I was up early, traipsing around with the camera, shivering on a 30 degree morning, feeling extra proud of this band of bright bloomers.

We've had an unusually cold winter.

An unseasonably cold spring.

Though that seems to bother me a whole lot more than it bothers the flowers!

It's as if they have little wrist watches attached to their roots. No matter the weather, they're always happy to put on a pretty show.

Pay a visit to Carol @ May Dreams Gardens to meet more flower lovers participating in Garden Bloggers' Bloom Day.

And, I'll leave with a mystery bloomer. A mystery to me, that is. I can't remember her name. Perhaps you know?

Sunday, April 10, 2011

The Diana Garden

Flowering Sweet Peas will decorate the fence behind the new Diana Garden.
Do you name your gardens? I do that out of love ~ and also by necessity. I don't have an automatic sprinkler system (which is unusual in the Desert Southwest.) Naming my flower patches helps me remember where I watered last and who's in need of a drink.

Plus, it gives them lots more personality. Everyone who visits loves the Impulse Garden best of all. It's a chaotic, colorful mess of all the flowering perennials I simply had to have! Whether I needed them or not. All squished into an ever expanding sunny spot.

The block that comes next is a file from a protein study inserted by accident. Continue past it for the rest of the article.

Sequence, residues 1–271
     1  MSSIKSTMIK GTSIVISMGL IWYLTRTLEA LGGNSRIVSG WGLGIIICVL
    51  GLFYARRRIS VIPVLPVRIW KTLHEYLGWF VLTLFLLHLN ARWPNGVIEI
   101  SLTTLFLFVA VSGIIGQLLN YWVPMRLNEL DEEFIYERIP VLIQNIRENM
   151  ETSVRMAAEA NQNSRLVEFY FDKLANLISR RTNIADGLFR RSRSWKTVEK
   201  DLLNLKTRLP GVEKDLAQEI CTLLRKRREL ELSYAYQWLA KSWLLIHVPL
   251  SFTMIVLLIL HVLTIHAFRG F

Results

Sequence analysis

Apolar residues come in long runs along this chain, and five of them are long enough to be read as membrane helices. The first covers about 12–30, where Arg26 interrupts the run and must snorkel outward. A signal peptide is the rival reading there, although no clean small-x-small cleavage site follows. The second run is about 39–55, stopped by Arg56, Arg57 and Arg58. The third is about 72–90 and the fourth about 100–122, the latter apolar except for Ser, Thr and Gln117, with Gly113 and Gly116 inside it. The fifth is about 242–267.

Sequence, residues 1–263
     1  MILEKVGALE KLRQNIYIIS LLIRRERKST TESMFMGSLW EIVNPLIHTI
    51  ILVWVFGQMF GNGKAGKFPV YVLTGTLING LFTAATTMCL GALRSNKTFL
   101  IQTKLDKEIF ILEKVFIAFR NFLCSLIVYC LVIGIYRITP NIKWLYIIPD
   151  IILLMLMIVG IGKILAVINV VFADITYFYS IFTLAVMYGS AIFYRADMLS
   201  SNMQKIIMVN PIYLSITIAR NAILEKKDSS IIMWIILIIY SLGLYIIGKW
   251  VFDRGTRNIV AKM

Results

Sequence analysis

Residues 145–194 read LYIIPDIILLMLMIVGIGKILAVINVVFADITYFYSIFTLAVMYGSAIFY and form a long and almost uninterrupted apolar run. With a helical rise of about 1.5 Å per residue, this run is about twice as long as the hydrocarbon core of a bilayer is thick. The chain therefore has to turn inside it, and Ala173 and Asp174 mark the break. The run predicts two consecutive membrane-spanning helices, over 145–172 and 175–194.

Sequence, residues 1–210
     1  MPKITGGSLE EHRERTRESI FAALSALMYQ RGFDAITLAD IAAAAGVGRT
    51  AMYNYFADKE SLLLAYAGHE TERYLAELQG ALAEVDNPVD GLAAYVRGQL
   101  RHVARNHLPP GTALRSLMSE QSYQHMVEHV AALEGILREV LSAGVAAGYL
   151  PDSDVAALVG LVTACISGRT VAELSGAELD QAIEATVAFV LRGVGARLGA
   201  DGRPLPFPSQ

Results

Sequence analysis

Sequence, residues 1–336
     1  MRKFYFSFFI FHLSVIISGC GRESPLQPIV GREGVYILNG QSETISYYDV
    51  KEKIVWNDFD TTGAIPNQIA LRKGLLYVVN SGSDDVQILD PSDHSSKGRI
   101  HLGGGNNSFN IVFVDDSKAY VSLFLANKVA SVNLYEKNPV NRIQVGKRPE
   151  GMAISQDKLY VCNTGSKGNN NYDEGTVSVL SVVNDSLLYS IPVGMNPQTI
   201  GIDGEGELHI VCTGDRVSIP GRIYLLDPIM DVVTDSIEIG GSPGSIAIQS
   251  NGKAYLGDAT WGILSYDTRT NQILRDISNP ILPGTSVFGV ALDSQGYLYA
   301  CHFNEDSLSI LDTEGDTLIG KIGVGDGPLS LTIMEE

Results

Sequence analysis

Holy Frijoles! Sadie's Horse Beans (left) & Pinto beans (right)
This week, I've been starting the Diana Garden ~ thus named because it's a collection of heirloom veggie seeds from my blogging friend, Di. I skulk around her blog quite often because she includes recipes for the harvest.

Di gifted me with all kinds of great stuff. These pretty Horse Beans... black tomatoes... Hungarian peppers... and some sweet and sassy Watermelons.

I'm coming off a bad luck year for growing veggies of any kind so this inspired me to design a new raised bed for all of Di's goodies. One that's more protected from the elements.